5 Reasons Why You Shouldn’t Be In the In crowd

Posted on December 23, 2014

Photo: flickr

As our mothers used to say – being popular and in the in crowd isn’t everything. In fact, science says that being cool isn’t actually cool either.

Here’s why:

1) Herd mentality negatively affects our ability to make the right decisions. According to a recent study at the University of Exeter, copying others causes people to stop responding to changes in their natural environment. People stop trusting their own instincts (which are usually correct) and simply do what others do. In other words, people, please stop being sheeple.

2) Teenage cool kids turn into uncool adults anyway, according to a new study from the Society for Research in Child Development. "Teens who were romantically involved at an early age, engaged in delinquent activity, and placed a premium on hanging out with physically attractive peers" were considered to be popular; however, by the time they were in their early 20s, "those once-cool teens were rated by their peers as being less competent in managing social relationships…more likely to have significant problems with alcohol and drugs, and to have engaged in criminal activities," say researchers.

3) Shyness actually makes your brain work better. Recent findings suggest that shy introverts "have rich, complex inner lives and a better ability to process the world around them." In the workplace, sensitive wallflowers may also be "better bosses and leaders in certain situations." Not surprisingly, extroverts have a greater tendency for getting into conflicts with colleagues.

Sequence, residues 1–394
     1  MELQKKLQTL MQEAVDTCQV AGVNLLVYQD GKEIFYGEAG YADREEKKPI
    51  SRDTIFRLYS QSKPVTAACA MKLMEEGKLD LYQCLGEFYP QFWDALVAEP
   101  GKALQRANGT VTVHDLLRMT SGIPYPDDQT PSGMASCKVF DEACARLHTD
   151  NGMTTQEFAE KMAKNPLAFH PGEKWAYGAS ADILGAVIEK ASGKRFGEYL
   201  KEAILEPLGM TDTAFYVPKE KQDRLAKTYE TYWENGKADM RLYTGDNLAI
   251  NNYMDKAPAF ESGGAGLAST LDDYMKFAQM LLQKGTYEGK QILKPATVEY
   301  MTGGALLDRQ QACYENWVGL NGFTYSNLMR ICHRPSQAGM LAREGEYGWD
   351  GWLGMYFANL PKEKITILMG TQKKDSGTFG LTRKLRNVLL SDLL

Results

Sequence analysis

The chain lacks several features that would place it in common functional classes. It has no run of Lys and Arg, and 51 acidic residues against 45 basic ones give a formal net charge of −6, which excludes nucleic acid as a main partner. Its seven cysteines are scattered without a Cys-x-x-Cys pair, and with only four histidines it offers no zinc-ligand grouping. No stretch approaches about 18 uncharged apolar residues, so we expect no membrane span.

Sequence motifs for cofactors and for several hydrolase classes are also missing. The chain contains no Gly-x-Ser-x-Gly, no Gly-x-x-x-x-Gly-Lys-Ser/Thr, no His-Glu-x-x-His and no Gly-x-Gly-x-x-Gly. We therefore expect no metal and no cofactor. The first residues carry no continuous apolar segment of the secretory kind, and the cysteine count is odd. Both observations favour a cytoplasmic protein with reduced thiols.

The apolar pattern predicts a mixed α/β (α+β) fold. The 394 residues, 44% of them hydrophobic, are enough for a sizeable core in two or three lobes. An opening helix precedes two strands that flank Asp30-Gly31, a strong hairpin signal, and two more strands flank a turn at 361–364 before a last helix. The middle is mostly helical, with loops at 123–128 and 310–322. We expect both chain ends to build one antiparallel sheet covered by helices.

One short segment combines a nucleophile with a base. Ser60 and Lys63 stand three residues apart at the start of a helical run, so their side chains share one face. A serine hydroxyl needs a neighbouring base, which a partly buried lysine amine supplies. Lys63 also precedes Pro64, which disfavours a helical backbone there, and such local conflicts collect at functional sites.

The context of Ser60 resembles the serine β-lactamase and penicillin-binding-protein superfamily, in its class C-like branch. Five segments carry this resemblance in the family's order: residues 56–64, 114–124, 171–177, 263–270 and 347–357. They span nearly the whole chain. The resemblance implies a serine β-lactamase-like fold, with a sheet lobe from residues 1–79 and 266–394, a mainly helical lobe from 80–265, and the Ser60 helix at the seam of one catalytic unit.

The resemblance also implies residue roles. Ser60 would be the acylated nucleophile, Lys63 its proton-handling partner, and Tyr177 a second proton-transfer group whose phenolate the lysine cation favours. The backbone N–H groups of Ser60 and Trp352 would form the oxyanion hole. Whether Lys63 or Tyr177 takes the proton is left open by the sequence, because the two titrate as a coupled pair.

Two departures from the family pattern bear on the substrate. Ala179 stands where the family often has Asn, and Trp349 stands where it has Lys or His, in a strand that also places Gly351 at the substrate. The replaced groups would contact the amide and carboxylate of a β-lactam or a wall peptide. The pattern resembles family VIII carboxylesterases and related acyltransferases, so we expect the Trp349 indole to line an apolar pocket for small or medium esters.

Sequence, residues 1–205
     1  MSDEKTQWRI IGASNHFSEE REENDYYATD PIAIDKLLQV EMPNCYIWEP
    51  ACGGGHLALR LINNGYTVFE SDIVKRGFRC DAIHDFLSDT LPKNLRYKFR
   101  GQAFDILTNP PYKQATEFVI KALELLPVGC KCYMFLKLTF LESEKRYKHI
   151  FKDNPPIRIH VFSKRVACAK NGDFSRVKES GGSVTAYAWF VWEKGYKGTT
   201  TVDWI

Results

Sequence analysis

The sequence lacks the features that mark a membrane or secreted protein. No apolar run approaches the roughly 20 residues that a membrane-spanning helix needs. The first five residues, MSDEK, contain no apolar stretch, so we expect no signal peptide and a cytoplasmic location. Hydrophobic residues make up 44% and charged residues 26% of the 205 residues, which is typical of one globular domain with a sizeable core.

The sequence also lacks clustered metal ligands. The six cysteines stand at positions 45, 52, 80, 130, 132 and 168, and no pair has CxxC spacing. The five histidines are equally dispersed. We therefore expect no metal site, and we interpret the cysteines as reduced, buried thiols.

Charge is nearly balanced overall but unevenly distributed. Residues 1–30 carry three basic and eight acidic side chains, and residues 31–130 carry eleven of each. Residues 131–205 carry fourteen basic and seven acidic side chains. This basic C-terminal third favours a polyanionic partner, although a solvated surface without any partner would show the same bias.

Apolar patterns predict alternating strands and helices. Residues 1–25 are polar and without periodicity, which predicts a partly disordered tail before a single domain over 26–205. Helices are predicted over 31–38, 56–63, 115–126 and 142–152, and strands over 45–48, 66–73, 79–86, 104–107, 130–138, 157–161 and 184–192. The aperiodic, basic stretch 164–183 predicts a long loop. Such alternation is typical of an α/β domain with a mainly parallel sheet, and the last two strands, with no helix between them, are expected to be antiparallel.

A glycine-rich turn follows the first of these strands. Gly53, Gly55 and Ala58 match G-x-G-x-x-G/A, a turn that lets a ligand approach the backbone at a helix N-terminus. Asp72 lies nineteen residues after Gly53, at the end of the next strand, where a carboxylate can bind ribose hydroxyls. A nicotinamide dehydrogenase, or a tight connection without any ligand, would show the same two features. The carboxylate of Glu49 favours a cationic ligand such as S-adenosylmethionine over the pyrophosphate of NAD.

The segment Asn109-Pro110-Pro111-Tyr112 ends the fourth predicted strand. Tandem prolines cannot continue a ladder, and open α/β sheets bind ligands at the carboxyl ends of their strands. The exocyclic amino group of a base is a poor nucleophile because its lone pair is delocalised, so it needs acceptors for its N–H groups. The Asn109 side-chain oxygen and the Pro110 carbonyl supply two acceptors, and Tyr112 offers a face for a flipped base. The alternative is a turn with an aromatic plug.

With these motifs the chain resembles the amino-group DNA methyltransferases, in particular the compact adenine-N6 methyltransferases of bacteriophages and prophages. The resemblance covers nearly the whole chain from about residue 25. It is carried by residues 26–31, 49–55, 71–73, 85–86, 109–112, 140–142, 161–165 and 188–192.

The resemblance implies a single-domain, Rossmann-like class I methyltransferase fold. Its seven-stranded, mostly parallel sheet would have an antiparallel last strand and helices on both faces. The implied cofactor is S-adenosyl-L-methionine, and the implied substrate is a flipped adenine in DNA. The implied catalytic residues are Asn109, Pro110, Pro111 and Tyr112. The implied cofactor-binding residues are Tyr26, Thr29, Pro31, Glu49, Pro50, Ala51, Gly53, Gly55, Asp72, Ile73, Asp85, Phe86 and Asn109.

4) Popularity makes you more vulnerable. Researcher and professor, Joseph Allen says, "The very thing that makes teenagers popular – being in tune with the needs and norms of their peers – can have negative consequences.
" Perhaps, they realize just how unstable popularity can be. Just look at any celebrity tabloid magazine to see the proof.


5) No one actually likes the popular kids. In a Scooby-doo turn of events, turns out being popular and liked are not the same thing – in fact, popular people aren’t usually well liked at all. Researchers have found popularity increases "relational aggression", which includes spreading gossip, taunting and bullying, and being generally awful to everyone so they can maintain their elevated social status. None of these qualities scream best friend, if you know what I mean.


Category(s):Self-Esteem

Source material from Psychology Today


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